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Apple and Google face more encryption criticisms

It seems as Google and Apple can't satisfy everyone, no matter how hard they try.

Often criticized for not protecting user's data vigilantly enough, both companies recently announced that data on their new operating systems (iOS 8 and Android 5.0 Lollipop) will be encrypted by default.

That means that Google and Apple won’t be able to unlock the device, even if law enforcement requests such actions.

On Thursday, the US Department of Justice (DoJ) has criticised this move, with a senior official telling Apple that, without access to a suspect’s phone, a child could die in cases such as kidnapping.

“New encryption technology that renders locked smartphones impervious to law enforcement would lead to tragedy,” he said.

A child would die, he said, because police wouldn't be able to scour a suspect's phone, according to people who attended the meeting.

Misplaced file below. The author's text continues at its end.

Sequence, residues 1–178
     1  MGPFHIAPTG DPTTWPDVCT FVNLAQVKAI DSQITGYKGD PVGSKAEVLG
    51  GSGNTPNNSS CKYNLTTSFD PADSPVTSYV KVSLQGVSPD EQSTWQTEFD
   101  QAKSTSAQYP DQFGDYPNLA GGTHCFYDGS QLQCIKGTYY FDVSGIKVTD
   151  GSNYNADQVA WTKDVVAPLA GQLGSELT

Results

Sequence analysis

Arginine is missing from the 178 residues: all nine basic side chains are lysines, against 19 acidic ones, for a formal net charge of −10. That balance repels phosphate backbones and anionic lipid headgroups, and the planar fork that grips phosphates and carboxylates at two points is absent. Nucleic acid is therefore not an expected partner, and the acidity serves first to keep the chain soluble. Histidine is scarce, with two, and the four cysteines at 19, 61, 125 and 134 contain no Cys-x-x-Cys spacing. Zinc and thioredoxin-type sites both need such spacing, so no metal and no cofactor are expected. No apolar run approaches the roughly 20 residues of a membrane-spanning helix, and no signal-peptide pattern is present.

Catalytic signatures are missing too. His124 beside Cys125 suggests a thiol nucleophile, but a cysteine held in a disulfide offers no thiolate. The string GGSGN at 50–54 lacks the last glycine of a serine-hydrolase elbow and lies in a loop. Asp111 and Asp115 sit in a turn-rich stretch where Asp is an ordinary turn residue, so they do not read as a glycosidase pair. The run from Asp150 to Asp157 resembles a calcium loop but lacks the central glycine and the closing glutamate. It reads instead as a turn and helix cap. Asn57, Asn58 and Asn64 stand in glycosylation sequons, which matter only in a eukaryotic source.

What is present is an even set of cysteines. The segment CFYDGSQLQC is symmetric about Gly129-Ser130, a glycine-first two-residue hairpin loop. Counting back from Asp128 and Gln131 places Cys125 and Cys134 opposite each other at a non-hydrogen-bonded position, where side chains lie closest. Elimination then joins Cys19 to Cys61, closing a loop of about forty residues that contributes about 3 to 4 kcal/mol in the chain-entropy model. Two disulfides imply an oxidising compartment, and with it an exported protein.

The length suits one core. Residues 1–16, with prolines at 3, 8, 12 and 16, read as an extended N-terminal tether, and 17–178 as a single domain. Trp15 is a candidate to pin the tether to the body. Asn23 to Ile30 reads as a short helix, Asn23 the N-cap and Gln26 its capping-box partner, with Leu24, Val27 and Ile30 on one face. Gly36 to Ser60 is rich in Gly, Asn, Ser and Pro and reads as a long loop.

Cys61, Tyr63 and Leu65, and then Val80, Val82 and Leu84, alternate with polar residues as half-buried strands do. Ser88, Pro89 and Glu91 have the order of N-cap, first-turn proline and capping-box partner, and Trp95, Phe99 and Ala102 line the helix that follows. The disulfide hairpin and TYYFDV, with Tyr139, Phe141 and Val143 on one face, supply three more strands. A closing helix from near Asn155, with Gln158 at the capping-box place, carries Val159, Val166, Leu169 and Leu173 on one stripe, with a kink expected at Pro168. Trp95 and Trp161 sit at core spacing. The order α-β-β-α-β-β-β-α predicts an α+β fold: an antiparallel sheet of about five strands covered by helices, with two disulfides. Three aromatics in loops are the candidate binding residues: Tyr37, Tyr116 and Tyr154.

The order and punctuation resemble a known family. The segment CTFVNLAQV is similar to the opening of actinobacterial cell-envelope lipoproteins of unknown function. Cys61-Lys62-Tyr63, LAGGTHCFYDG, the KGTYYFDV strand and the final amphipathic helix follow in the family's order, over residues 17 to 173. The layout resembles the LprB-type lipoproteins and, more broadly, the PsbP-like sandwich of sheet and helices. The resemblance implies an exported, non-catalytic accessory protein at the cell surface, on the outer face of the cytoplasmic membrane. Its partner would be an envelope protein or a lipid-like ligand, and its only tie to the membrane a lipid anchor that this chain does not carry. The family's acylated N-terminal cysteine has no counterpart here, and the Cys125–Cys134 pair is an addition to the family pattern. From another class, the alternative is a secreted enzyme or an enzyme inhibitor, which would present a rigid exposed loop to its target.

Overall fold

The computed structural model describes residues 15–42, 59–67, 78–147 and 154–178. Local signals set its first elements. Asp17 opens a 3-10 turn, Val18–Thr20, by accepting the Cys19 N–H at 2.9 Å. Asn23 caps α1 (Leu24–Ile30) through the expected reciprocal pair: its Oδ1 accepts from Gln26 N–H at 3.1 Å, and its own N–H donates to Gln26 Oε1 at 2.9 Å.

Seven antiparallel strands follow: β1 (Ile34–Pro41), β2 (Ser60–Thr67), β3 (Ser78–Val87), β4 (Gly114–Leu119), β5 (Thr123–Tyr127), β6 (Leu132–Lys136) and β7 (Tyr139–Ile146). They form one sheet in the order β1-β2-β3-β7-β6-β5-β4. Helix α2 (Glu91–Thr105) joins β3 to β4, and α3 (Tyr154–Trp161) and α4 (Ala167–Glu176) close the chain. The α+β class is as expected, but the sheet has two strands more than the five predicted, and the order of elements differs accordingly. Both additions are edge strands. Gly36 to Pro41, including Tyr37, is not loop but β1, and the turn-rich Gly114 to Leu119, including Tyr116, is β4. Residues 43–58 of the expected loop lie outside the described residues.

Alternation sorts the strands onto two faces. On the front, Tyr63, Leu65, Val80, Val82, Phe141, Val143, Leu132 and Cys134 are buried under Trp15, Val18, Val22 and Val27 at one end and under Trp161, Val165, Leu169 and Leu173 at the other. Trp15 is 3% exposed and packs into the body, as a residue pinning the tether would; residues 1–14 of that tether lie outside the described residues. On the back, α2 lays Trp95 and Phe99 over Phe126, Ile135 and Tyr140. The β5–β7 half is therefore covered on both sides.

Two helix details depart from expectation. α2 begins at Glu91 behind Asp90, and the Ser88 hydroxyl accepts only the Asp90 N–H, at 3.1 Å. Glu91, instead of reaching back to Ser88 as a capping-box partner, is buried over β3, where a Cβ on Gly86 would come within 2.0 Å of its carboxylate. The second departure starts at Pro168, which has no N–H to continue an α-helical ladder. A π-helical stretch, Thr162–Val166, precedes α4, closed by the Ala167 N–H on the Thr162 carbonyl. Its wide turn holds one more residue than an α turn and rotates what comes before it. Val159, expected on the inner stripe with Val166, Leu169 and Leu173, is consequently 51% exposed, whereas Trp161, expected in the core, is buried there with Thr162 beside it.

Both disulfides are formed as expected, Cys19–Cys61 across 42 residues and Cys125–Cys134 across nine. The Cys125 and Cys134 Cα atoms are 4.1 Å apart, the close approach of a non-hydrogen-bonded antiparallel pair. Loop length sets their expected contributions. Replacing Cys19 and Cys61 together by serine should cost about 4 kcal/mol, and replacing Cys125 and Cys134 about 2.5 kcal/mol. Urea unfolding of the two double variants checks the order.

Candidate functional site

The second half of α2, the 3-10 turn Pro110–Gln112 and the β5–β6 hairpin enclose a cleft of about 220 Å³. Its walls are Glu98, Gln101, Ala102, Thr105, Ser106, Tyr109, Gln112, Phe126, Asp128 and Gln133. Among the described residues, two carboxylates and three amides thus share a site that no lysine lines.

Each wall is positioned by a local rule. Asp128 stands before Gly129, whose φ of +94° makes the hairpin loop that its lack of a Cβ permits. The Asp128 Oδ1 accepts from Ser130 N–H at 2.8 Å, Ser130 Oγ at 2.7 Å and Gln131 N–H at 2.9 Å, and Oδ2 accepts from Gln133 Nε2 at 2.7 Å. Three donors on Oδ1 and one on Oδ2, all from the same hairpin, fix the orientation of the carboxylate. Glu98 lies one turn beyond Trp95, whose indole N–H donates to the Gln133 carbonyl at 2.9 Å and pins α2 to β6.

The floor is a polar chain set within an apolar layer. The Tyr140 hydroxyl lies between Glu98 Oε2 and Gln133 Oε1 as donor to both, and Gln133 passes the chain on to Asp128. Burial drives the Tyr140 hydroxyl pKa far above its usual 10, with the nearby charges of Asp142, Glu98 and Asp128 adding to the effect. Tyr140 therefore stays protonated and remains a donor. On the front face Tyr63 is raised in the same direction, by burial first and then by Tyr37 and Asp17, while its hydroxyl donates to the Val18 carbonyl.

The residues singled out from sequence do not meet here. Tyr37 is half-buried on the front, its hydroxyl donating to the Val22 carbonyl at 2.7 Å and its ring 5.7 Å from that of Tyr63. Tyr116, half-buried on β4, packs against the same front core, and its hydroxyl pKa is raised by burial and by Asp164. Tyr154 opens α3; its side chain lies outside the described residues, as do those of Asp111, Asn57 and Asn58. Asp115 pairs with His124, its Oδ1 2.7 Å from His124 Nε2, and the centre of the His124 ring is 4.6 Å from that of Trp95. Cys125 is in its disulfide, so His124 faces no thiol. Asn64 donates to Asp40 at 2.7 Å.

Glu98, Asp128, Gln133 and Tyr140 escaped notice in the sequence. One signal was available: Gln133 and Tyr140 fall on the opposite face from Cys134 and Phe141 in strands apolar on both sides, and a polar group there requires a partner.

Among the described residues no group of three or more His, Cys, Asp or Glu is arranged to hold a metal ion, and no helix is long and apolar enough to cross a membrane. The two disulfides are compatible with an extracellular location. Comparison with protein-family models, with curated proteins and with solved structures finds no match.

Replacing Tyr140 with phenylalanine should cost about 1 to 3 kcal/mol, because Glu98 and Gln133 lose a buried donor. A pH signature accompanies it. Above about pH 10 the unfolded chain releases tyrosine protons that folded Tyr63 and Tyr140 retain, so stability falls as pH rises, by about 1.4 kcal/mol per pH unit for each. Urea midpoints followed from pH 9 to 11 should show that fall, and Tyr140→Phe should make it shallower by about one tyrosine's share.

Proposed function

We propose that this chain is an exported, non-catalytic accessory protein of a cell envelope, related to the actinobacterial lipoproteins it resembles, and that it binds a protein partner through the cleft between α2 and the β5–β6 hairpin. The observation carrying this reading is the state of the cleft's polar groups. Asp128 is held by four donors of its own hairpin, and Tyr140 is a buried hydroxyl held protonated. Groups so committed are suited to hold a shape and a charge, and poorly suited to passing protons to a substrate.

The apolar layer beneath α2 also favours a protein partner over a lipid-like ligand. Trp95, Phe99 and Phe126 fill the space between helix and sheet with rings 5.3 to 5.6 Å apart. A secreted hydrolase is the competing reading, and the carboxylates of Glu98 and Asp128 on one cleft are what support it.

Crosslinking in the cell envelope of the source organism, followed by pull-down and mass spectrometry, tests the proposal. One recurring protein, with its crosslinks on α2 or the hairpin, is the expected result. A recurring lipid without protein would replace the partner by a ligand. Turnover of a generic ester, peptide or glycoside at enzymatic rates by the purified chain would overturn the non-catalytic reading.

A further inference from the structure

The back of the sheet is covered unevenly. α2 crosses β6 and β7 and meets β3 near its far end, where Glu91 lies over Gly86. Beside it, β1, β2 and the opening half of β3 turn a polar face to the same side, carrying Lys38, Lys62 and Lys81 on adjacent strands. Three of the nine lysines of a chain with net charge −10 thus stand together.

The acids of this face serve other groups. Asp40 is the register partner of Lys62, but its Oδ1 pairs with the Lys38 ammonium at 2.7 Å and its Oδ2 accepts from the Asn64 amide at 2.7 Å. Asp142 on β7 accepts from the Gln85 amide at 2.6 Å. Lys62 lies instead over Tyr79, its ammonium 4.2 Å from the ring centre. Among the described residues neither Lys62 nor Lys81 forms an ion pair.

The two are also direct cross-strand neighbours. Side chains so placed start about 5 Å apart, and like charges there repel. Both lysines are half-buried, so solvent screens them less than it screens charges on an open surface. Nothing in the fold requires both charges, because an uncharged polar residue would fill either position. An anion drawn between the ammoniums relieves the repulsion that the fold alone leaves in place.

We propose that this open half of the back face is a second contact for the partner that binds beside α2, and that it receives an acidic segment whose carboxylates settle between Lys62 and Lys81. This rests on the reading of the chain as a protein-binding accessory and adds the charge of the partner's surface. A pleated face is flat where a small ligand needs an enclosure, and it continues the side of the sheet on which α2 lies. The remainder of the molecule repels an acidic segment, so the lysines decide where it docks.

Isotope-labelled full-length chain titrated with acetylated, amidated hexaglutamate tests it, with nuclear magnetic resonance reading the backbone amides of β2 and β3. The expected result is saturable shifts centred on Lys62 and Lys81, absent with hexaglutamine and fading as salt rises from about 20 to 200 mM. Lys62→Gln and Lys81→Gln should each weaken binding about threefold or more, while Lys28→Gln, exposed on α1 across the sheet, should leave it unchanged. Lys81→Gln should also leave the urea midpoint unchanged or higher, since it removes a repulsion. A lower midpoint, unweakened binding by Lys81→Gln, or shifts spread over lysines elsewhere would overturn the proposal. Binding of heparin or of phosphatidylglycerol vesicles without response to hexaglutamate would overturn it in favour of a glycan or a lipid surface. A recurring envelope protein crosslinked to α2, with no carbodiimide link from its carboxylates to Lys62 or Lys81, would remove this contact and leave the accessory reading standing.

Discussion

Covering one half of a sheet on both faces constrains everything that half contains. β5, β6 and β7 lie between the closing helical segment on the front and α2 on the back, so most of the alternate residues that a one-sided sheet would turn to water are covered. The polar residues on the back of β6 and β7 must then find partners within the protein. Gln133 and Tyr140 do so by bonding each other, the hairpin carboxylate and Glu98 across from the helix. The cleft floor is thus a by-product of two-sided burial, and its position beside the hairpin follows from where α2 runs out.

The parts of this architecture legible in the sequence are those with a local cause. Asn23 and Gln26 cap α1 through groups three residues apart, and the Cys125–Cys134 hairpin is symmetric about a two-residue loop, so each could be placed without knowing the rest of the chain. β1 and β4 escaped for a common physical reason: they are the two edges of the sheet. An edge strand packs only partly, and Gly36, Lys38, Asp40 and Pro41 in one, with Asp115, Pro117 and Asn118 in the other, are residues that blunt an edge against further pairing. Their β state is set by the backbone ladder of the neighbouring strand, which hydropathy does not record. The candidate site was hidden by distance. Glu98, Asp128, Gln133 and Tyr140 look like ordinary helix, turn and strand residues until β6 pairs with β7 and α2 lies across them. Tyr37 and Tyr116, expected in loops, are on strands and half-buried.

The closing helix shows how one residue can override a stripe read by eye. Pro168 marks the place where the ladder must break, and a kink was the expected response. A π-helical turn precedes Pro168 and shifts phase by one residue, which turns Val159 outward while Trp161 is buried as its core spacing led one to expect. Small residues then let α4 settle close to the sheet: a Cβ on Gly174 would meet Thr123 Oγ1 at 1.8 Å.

Android central reports that Apple called the kidnapped child scenario inflammatory, and that law enforcement agencies should turn to wireless carriers for data gathering.

“Law-enforcement officials see it as a move in the wrong direction. The new encryption will make it much harder for the police, even with a court order, to look into a phone for messages, photos, appointments or contact lists, they say.

“Even Apple itself, if served with a court order, won't have the key to decipher information encrypted on its iPhones.”

After Edward Snowden, an ex NSA officer, exposed the US Government’s spying activities, IT companies have started fighting to protect their user’s data from government surveillance.

Sead Fadilpašić

Sead is a freelance journalist with more than 15 years of experience in writing various types of content, from blogs, whitepapers, and reviews to ebooks, and many more, across sites including Al Jazeera Balkans, TechRadar Pro, IT Pro Portal, and CryptoNews.